It seems a rare thing to find a fan of the Eurovision song contest within the United Kingdom but I am an avid one. Ever since I can remember me and my family have all gathered to watch the acts, eat food and laugh at the ridiculous song lyrics sung by the people of Europe (although always keeping in mind that their English is a lot better than my Norwegian or Greek, say) and this year was no different. As we sat down to enjoy the four hours of pure European entertainment we were under no allusions that the United Kingdom will ever make it to the left side of the scoreboard, we just want to enjoy the cheesy euro-pop and awful dance moves. And, as always, we did not receive that from our own act this year. Although I cannot deny that Bonnie Tyler was a better representative for the United Kingdom than Engelbert Humperdinck last year that’s not saying much. Most people know her for singing the 80s classics “Total Eclipse of the Heart” which is undeniably a great song but the song she used to represent the United Kingdom in this year’s competition was poor. For a start, she looked a little bit wobbly while she was singing; she could barely stand up! I’d like to blame this on nerves and age rather than drink and drugs. However, although the song was terrible the thing which struck me the most was how old she looked. Although she’s not ancient she’s still no spring chicken at sixty one years old, which really showed and made her and her song look worn. Bonnie’s age particularly struck me when she was shown amongst Belarus’ twenty seven year old Alyona Lanskaya and Denmark’s twenty year old winner Emmelie de Forest. Surely the fact that a twenty year old won the contest for Denmark should tell us something about Eurovision tact!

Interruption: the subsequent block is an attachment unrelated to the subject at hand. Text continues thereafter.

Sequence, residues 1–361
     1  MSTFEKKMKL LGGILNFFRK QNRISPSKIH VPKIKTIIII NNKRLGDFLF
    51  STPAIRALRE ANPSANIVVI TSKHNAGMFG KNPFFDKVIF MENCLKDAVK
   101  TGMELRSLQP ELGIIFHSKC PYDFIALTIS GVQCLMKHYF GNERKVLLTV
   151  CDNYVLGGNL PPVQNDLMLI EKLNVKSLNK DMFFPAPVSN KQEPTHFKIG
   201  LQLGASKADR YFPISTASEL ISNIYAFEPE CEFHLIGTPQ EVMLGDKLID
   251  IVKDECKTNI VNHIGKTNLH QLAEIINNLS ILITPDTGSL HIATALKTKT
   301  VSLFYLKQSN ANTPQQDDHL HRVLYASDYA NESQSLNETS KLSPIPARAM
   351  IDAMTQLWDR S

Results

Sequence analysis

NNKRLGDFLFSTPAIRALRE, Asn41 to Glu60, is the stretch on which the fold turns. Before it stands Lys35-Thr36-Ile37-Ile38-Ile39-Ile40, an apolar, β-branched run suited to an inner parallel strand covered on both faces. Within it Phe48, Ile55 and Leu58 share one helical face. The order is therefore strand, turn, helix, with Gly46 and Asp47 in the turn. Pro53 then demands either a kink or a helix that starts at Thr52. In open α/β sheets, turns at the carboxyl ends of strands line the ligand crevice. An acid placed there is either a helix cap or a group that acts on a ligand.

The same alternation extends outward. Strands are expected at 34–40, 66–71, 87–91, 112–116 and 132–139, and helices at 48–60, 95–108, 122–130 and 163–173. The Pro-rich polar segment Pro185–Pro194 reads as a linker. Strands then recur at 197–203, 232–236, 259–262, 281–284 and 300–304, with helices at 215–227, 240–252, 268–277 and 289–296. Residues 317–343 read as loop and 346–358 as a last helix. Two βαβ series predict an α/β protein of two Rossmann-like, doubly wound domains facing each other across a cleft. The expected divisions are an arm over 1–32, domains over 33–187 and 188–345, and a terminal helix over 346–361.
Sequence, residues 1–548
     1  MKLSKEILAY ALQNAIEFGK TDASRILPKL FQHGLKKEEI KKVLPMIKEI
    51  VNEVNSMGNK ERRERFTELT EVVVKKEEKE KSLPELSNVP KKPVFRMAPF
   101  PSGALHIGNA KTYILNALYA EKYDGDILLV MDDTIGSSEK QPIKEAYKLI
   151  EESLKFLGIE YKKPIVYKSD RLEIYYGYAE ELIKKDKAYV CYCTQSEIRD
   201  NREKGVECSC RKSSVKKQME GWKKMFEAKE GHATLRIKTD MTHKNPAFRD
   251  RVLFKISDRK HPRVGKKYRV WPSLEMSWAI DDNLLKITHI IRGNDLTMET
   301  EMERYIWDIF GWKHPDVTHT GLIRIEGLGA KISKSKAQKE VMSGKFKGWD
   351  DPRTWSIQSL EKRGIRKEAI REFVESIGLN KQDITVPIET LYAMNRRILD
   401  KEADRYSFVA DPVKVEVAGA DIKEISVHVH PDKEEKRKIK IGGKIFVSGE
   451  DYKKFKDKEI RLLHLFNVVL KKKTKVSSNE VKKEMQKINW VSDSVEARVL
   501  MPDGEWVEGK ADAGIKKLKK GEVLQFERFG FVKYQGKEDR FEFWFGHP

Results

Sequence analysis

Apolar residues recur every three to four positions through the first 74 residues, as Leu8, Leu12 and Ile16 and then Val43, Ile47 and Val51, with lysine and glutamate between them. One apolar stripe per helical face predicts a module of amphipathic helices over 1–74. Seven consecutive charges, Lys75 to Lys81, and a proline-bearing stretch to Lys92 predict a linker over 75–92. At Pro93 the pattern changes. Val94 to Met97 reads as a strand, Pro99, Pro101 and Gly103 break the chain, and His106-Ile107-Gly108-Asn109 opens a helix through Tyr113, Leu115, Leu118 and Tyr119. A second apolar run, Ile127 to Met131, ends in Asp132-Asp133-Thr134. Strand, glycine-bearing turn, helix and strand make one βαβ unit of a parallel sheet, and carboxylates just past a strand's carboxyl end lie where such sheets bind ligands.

That being said, Bonnie scored us a lot more points than we’ve received in previous years: we received twenty three points and came in at nineteenth place! It does seem pathetic that the United Kingdom can celebrate a score of twenty three when the winning country scored two hundred and eighty one, but I think we’ll take our positives where we can get them. Plus we did incredibly better than Ireland; Ryan Dolan only managed to secure Ireland a score of five with the United Kingdom only awarding them one point! Clearly the Eurovision song contest was missing Jedward this year who, in the previous two years, managed to provide the right balance of cheesy performances and euro-pop for the European viewers’ pleasure.
I like to think I’m usually pretty good at predicting which countries will do well in the competition and which will not meet Europe’s approval, but this year I got it all wrong. This year was the first year in ten years that the Netherlands have qualified for the final – and I thought “it’ll be their last” after hearing their song – but they did surprisingly well with the voters. Similarly, I thought Ireland’s song was quite catchy and suited Eurovision with its amounts of cheese and pop but it only ended up receiving a measly five points! I also expected Finland to do well with their catchy, up-beat song about marriage and becoming someone’s slave (I like to think something was lost in translation) but they only received thirteen points, less even than Bonnie! I really hope the lack of votes for Finland was to do with a dislike of the song and not the fact that Krista Siegfrids’ performance ended with a lesbian kiss.
There were two same-sex kisses within the show which I think is a really positive thing for Europe. It was nice to see an attempt to normalise the occurrence of same-sex kisses on worldwide television but I hope this did not wound Finland’s chances of winning. The second kiss came within an elaborate song performed by the Swedish host Petra Mede celebrating the delights that Sweden has to offer, such as meatballs, Ikea and the legalisation of same-sex marriage. The performance included two men kissing as a part of the song, which I thought was a positive addition. I would hate to think that Europe was prejudiced enough to not vote for a country just because their performance showed a same-sex kiss, especially as the host country showed one too! Perhaps I’m being a little bit too analytical and I would like to think that the voters simply didn’t like the Finnish song. I have faith in the European voters and will claim that something was just lost in the translation of their strange song about marriage, masters and slaves and will stand by the view that Europe is not homophobic. Perhaps it is even wrong of me to think that a country may receive fewer votes for showing a same-sex kiss and perhaps I’m the one in the wrong and the voters didn’t even consider this while they were watching. I shall stick with this optimistic view of the continent for now, until proven otherwise.